I recently finished Susanna Clarke’s massive novel about two magicians (the fantastical, spell-casting type) who bring their craft back to England in the early nineteenth century.

I’m honestly not having the easiest time articulating a strong opinion, but that’s not because I found it a mundane read. On the contrary, I’m not sure I’ve ever seen anything quite like it. It’s written like a piece of English literature from the 1800s despite the fact that it’s less than ten years old, with spectacular occurrences described matter-of-factly and a huge emphasis on what exactly it means to be English.

The magic doesn’t follow too many hard and fast rules, with a much greater emphasis on the thematic underpinnings of the fantastic than the logic behind exactly what is and what isn’t possible.

The world, though, is very well-established, with a gradually explored alternate history in which a child called the Raven King built a magical empire in northern England which he ruled for centuries before disappearing, slowly taking the magic with him.

Now two men, the arrogant, timid Norrell and the younger, romantic Strange, use their own magical prowess (Norrell’s developed through decades of careful study and Strange’s manifested through innate talent) in service of their country.

The relationship between the two men is, naturally, the novel’s focus, so to say it starts off slowly is an understatement considering Strange doesn’t show up for a few hundred pages. But when he does, things get more interesting, and gradually build to a very satisfying final hundred or so pages.

The exploration of reason and madness as related through the behavior of the totally amoral fair folk, here represented by the enigmatic gentleman with the thistle-down hair, is another highlight.

If this sounds like your kind of thing, you definitely won’t be disappointed. It’s an investment, but you certainly won’t regret it.

Clashing Kings: The Prince of Winterfell

This was probably the best (predominantly) set-up episode the series has had so far. Sure, some things happened, but mostly it was in service of preparing for the final two installments of the season.

Theon’s just digging himself in deeper, further sealing his fate with every transgression against the Starks. It’s weird to think about, but his storyline has been the most straightforward of the season. He’s the easiest character to follow week to week, with the most tangible arc. He just happens to be awful.

Beyond the Wall I like the changes made to Jon’s narrative. Not much really moved forward, but the visual design for the “Lord o’ Bones” (Rattleshirt in the books) was great.

We finally got Lady Telisa’s back story, which put to rest the suspicions I had since she was introduced. Her character really is a completely original invention of the show, whereas up until this point I thought it possible she was another character in disguise. But no, unless there’s some massive deception going on she is who she says, here to give us more to care about as we follow Robb more closely than the books ever did. It’s not the most revolutionary subplot, but there’s certainly nothing wrong with it.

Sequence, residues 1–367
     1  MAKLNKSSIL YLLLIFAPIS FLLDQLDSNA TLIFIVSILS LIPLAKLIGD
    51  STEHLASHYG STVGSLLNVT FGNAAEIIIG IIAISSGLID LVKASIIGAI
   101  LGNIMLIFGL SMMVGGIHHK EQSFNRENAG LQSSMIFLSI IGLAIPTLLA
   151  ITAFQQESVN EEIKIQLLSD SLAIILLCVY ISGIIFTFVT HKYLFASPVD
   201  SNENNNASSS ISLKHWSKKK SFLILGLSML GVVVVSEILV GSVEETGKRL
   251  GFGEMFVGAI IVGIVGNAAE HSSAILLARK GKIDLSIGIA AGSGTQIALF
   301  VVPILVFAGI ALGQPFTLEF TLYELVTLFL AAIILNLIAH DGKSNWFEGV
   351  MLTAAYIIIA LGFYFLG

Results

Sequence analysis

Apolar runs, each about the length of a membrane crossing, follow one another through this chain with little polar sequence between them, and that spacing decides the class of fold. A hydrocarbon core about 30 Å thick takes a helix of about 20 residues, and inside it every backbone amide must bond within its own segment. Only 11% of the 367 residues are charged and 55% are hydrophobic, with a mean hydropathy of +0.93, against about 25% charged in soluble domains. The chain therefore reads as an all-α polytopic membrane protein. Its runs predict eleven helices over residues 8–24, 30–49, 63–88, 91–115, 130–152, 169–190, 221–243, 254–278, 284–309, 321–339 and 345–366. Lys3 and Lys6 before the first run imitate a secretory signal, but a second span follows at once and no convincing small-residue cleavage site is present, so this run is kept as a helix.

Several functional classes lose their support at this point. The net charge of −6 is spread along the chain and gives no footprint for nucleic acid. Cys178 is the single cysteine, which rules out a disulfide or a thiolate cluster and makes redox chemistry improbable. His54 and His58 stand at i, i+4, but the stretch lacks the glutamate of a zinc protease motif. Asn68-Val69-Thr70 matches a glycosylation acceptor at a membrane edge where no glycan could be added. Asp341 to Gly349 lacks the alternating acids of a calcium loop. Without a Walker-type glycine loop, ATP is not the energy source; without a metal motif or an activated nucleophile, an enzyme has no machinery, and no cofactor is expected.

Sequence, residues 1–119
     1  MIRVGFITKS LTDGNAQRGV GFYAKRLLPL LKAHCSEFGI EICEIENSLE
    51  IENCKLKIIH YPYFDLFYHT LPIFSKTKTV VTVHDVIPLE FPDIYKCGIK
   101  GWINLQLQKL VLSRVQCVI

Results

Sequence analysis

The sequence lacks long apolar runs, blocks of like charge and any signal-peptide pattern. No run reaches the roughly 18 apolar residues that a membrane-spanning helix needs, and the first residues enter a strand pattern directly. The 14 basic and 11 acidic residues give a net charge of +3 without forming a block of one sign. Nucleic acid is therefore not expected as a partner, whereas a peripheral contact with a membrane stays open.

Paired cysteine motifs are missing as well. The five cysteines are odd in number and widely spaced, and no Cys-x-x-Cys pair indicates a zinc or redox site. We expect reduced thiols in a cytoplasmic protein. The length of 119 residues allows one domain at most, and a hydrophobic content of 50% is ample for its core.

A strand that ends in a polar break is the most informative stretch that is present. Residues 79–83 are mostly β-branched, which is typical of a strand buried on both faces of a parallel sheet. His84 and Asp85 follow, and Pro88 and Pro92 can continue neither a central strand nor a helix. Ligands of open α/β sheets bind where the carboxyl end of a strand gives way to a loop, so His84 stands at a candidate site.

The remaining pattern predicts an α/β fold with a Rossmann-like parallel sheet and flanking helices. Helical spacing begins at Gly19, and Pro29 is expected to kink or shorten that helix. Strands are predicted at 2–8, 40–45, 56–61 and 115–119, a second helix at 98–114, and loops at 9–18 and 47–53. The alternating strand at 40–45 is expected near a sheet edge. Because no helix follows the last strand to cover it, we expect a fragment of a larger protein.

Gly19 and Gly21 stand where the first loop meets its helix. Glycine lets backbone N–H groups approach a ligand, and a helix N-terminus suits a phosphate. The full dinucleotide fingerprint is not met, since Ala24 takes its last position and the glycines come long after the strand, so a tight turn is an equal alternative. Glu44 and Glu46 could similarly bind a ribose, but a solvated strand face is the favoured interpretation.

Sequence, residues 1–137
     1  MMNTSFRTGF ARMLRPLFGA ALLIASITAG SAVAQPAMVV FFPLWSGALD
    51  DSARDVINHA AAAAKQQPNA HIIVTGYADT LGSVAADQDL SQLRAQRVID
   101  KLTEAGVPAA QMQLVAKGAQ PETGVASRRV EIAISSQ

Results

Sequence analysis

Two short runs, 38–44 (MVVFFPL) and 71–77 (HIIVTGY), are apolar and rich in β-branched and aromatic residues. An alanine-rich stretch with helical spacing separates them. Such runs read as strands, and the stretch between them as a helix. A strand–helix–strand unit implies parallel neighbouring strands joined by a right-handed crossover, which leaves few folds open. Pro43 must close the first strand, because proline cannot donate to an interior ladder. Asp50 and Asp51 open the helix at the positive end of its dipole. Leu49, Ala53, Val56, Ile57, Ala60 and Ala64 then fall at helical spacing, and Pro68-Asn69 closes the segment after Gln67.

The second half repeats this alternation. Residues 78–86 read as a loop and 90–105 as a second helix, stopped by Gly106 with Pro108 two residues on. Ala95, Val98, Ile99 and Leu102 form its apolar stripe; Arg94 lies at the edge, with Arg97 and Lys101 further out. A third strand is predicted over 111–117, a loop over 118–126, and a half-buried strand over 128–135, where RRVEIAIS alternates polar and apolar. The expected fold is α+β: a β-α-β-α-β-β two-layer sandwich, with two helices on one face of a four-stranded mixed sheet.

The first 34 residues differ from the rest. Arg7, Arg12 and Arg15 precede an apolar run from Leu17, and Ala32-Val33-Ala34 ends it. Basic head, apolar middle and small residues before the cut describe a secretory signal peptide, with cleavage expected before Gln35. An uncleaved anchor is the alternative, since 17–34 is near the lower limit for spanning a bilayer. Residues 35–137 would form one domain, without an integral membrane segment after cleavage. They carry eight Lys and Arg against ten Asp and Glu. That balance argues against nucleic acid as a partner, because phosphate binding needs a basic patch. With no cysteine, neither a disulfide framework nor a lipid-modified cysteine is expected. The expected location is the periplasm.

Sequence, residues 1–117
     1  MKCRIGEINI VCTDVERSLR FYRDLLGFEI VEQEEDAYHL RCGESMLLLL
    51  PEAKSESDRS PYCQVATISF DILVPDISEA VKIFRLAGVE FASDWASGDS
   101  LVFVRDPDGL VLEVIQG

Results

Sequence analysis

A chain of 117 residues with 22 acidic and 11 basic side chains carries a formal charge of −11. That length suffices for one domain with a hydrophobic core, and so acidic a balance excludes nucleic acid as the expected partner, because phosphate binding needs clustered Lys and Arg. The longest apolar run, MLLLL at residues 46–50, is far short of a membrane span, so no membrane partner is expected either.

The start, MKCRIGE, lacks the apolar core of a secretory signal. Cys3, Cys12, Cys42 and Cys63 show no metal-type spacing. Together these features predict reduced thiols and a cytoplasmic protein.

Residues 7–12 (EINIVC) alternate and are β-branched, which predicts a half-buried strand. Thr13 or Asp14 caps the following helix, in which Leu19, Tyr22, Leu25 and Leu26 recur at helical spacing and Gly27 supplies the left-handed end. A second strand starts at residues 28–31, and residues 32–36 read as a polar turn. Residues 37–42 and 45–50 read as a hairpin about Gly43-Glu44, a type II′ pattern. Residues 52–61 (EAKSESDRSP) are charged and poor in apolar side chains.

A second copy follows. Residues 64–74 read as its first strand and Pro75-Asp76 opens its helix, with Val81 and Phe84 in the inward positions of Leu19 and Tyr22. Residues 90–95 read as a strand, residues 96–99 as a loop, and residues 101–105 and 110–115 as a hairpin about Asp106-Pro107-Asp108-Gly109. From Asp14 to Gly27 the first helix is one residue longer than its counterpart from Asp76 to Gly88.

Jaime and Brienne also get started on their little quest sooner than expected, which just further goes to show what the creators have been saying: The goal of the first season was to do a straight adaptation of the first book, but second season onward they’re adapting the saga as a whole, whatever way works best. More power to them.

It’s a bit disappointing that the Tywin/Arya relationship ended so abruptly, but realistically he’s got a war to fight and she’s a prisoner, so I guess a heartfelt parting wasn’t in the cards. And while we’re nearly done with Harrenhal, Jaqen is phenomenal. Much funnier than I expected him to be.

Then we’ve got King’s Landing, which had nothing but spectacular character interactions the whole episode. The Tyrion/Bronn/Varys scene was amazing, and exemplified that if there’s one thing the show does better than the books it’s humor. The little gesture Tyrion made to Bronn after Varys gave the correct pronunciation of that Maester’s name? Brilliant.

This week was about putting everything exactly where it needed to be for the most ambitious single episode yet, which will feature the Battle of the Blackwater in most of its glory. Now all that’s left to be seen is whether they can pull it off. It’s time to win or die.


A House Retrospective

It’s weird to think about, but House was probably the first network television show I really got into. I’m the last person you’d expect this of, but truth be told I started watching dramatic television fairly late in the game, and House was a lot of the impetus. That and Lost, I suppose, but something about the medical procedural focused on the brilliant asshole (and by something, I of course mean the brilliant asshole) really hooked me.

I started watching at around the end of season 2, and bought the DVDs of what I’d missed between the second and third seasons because I just couldn’t get enough of it. Actually that’s the first time I ever bought the box sets for any TV show. Wow. I kept buying them through the first four seasons for the sake of completion, but the show kept going and my desire to rewatch the episodes waned, so…

Damn what a great show this was. Thinking back to those first few seasons I’m reminded why procedurals are so popular, and House, at its peak, was pretty much the perfect procedural. An incredible main character with some truly amazing weekly stories just made it so fantastic to follow.